Michigan: House Ways & Means Committee chairman Dave Camp (R-MI-4) may be having a change of heart. Originally saying he would not run for the state's open Senate seat (Democratic Sen. Carl Levin retiring), Mr. Camp now acknowledges he is seriously considering the option. The conventional wisdom is that the mid-state Congressman would make a challenge to Democratic Rep. Gary Peters (D-MI-14) more competitive. A just released Denno Research poll (7/23-24; 600 MI registered voters) shows the race between Mr. Peters and former two-term Secretary of State Terri Lynn Land (R) to be a dead heat, however, with each candidate attracting 39% support. Ms. Land is non-committal as to how a Camp entry into the race would affect her candidacy.

Minnesota: State Sen. Julianne Ortman announced that she is joining the Republican primary to vie for the right of challenging first-term Sen. Al Franken (D). Already in the race is investor Mike McFadden and state Rep. Jim Abeler. The GOP field is surprisingly weak against Franken who, in 2008, won the closest election in the country, a post-election recount fiasco that took until July of 2009 to finally determine a winner.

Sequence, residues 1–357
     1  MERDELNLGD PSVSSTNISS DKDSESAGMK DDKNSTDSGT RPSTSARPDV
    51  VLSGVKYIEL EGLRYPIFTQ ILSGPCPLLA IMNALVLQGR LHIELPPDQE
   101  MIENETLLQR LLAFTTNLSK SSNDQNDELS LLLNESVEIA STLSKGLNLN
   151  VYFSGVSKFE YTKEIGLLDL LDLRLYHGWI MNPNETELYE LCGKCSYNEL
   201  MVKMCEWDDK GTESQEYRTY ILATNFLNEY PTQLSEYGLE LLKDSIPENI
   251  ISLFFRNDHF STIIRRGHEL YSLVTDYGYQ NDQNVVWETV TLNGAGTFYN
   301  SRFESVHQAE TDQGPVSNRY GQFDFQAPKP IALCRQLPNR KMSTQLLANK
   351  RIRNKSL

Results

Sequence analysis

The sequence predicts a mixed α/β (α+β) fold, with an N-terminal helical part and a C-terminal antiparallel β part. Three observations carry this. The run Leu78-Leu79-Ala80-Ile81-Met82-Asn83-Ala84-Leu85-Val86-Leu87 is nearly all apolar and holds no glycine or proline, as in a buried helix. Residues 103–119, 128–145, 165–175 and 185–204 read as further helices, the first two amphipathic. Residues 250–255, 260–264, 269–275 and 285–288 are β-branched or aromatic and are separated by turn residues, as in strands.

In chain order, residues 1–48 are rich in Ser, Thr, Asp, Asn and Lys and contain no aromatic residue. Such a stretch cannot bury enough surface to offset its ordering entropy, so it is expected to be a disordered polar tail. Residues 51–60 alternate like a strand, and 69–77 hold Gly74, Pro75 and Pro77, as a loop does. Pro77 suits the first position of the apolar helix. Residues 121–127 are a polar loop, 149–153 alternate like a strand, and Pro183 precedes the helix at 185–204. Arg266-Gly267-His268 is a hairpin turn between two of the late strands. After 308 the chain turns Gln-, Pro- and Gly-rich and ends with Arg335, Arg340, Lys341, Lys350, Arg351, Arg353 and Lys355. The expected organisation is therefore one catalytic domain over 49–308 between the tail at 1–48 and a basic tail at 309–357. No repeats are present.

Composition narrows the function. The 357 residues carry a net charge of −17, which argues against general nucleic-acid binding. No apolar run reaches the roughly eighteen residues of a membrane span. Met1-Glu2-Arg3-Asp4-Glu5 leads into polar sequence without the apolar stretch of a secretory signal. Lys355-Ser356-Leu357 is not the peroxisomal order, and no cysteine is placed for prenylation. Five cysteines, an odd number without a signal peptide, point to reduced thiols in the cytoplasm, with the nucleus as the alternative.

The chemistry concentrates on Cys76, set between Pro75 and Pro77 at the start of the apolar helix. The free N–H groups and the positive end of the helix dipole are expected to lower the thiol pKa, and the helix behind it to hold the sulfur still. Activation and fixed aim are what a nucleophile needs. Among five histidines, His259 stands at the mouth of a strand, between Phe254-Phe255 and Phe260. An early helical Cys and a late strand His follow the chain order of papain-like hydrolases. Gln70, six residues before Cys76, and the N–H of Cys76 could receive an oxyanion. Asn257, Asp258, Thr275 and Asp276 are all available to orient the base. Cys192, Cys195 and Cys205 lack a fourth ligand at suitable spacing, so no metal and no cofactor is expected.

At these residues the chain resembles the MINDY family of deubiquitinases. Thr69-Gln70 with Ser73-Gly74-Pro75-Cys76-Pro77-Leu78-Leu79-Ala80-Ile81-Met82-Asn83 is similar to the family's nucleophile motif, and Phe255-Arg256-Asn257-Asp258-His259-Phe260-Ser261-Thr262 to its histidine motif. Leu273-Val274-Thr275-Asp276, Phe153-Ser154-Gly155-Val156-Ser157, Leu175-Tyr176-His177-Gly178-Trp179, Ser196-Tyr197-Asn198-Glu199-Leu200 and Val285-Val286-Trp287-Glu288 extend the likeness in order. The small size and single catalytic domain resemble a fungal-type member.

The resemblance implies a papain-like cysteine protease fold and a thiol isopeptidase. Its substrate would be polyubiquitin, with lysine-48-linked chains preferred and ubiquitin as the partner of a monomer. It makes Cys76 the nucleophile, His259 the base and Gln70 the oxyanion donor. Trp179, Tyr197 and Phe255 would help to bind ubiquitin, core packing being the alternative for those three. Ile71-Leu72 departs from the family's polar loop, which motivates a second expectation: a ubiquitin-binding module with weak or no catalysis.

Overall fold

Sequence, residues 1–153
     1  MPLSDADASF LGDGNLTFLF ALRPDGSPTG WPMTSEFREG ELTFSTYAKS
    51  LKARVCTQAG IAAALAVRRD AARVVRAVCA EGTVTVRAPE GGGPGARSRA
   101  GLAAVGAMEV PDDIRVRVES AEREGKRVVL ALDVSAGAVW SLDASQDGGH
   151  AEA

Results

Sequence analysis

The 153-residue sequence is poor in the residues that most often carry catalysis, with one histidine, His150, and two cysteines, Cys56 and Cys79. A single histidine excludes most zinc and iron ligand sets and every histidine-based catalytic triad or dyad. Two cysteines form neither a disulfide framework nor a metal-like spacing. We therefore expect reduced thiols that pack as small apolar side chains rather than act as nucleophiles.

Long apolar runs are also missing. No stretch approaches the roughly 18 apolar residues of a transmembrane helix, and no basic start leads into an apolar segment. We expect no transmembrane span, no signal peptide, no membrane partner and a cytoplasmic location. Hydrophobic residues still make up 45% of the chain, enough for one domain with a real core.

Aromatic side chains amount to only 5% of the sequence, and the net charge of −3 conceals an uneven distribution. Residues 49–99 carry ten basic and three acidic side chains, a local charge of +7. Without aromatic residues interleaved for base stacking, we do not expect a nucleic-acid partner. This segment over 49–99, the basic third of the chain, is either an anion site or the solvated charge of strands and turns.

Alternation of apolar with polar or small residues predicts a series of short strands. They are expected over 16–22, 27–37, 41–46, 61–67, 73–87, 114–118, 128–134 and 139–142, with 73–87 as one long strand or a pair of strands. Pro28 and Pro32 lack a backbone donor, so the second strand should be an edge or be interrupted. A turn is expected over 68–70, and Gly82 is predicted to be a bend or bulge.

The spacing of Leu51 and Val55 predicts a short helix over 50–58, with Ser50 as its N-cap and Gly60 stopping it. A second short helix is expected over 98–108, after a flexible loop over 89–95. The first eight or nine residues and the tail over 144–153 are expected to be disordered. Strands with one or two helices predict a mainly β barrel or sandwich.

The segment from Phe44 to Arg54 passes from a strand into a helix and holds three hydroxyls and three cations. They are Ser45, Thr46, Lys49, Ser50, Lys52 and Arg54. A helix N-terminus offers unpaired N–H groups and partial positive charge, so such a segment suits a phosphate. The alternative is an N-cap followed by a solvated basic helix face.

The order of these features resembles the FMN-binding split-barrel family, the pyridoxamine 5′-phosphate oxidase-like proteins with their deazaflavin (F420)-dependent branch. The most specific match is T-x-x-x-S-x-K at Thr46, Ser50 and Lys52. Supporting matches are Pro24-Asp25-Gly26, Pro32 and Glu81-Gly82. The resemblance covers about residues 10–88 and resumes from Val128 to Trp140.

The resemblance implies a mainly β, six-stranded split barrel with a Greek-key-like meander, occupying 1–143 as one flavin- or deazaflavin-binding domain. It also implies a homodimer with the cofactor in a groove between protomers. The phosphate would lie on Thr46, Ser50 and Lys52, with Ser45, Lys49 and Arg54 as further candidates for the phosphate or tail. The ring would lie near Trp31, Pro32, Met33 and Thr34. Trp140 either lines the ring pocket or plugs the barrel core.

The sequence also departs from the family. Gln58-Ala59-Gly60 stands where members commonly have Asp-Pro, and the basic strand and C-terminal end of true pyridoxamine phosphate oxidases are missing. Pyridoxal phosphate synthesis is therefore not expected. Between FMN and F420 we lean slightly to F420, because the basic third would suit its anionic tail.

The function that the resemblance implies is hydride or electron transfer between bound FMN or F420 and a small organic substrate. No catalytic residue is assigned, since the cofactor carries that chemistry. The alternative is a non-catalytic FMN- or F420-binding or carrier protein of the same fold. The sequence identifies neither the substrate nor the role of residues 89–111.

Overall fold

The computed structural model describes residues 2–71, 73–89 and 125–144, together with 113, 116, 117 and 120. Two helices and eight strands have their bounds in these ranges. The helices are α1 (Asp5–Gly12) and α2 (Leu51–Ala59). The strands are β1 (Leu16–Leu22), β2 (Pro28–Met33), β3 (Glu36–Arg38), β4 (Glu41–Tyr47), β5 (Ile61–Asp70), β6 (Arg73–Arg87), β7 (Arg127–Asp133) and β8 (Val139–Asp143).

North Carolina: In an expected announcement, sophomore Rep. Renee Ellmers (R-NC-2) confirmed that she will not challenge Sen. Kay Hagan (D) next year. Ms. Ellmers had never officially ruled out running for the Senate, but she was making no discernible moves to organize a statewide campaign. It appears that state House Speaker Thom Tillis continues to be the leading Republican candidate. The North Carolina race should become a top tier challenge campaign.

South Carolina: More Republican primary action is brewing against Sen. Lindsey Graham. In addition to western state businessman Richard Cash, who almost won the 3rd District Republican run-off against now-Rep. Jeff Duncan in 2010, Nancy Mace, the first female graduate of The Citadel, has announced her candidacy. State Sen. Lee Bright, who aligns himself with Sen. Rand Paul (R-KY), also says he will join the fray later in the year. Ms. Mace may have the potential of attracting significant financial support and that of major outside conservative organizations. Since South Carolina has a run-off law, the crowded field may not automatically help the incumbent. Though it is likely that such a candidate grid will almost assuredly allow Graham to place first, getting to a majority figure to avoid a run-off election is considerably more difficult.